The one thing I think is MOST underestimated in the whole Parenting Information thing is just how utterly, ridiculously stupid kids can be at times.
Not always stupid, like climbing up dodgy scaffolding they have ‘constructed’ (I use the term loosely) themselves, or climbing anything and everything. Sometimes they’re just … well, I know some will take offence to this, but fuck it, sometimes they are just ignorant.
Only because they have much to learn, and much brain type development to undergo, and they really just don’t know stuff because they don’t have big enough brains, or adequate experience.
It is not necessarily anyone’s fault. It’s just all part of growing up.
And it is this lack of experience, understanding, and genuine ignorance that has them doing fun things like sticking forks into power points, sticking fingers up dogs bums, and falling into any sort of body of water, including but not limited to ice cream buckets put out for the chooks so they may remain hydrated.
Accidents also tend to happen; whether due to their simple (again, not intended to be offensive) minds, and the fact that part of their lack of development means they don’t have the strength, control, or balance to do all the stuff they think they can do. Like climb the pantry to reach your chocolate stash.
They’re quick, they’re fearless, and they can be absolutely downright, unfathomably stupid.
Some kids have been born with some sort of disease, illness, or disorder that puts them in gross danger of easily contracting illness, and some, sadly, are inflicted with something that causes their heart to stop, for one reason or another. Far too many to list here.
Of course, in all of this, there is a good chance that you, as a mother (or father, parent, whatever you like), feel like you may very well be experiencing a heart attack, based on all or one of the above.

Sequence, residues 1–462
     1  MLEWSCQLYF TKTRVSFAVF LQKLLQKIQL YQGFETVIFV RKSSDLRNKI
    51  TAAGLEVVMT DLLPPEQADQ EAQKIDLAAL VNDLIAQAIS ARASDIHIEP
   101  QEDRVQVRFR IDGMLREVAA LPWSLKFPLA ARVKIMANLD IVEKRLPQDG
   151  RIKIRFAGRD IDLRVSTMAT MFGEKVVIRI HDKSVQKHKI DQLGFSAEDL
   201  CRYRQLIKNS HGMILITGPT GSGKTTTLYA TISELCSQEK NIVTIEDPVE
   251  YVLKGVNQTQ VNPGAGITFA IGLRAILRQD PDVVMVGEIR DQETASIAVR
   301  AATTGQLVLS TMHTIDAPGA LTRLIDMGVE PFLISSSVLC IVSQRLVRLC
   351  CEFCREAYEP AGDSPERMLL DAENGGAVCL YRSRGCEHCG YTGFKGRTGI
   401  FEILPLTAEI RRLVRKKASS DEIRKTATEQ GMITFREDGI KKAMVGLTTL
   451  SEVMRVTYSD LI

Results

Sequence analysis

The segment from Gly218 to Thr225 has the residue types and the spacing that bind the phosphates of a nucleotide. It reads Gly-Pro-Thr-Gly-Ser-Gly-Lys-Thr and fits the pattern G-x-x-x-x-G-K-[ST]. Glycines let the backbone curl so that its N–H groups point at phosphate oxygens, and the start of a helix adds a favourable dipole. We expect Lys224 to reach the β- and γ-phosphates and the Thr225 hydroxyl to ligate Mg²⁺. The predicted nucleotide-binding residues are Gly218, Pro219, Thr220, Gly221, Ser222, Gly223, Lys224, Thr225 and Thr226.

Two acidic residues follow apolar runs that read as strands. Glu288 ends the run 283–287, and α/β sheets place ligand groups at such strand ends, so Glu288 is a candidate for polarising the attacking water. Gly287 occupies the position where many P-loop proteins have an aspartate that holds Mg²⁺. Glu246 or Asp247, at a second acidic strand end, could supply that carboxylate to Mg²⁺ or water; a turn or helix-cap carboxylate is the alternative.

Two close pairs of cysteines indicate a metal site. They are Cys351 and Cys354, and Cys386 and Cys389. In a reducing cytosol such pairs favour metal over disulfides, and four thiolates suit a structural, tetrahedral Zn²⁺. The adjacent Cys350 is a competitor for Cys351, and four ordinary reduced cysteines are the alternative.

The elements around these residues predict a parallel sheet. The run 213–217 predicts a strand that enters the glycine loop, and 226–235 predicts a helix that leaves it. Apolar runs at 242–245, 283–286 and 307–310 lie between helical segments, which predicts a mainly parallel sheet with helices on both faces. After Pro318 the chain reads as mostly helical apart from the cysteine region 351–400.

Having spent most of my adult life working with other adults and children in some sort of physical activity capacity, including the teaching of swimming, and other water based fun, I have been required to hold a First Aid certificate, including, but not limited to, proficiency in CPR (CardioPulmonary Resuscitation).
Thankfully, I have never been in a situation where I have ever had to use it; although I did experience the Chippie banging his head and stopping breathing thing, and one day, after attending a two full day first aid course, finding my 93 year old neighbour lying in her front yard at 6.13a.m., but that was a broken him and nothing related to the heart.
I’m grateful I’ve never had to use it, but also very grateful that I have had the skills to cope with any sort of thing that requires first aid. Like my teenager falling 3-4 metres off a rock face and barely fracturing his wrist.
You know, fun stuff.
In all the first aid courses, some specifically CPR related, and all my years working with kids in numerous capacities were risk of injury was elevated, there was one thing I didn’t know.
That if an ambulance is called to a child whose heart has stopped, there is a very, very, very miniscule chance that child will recover. By which I’m talking live.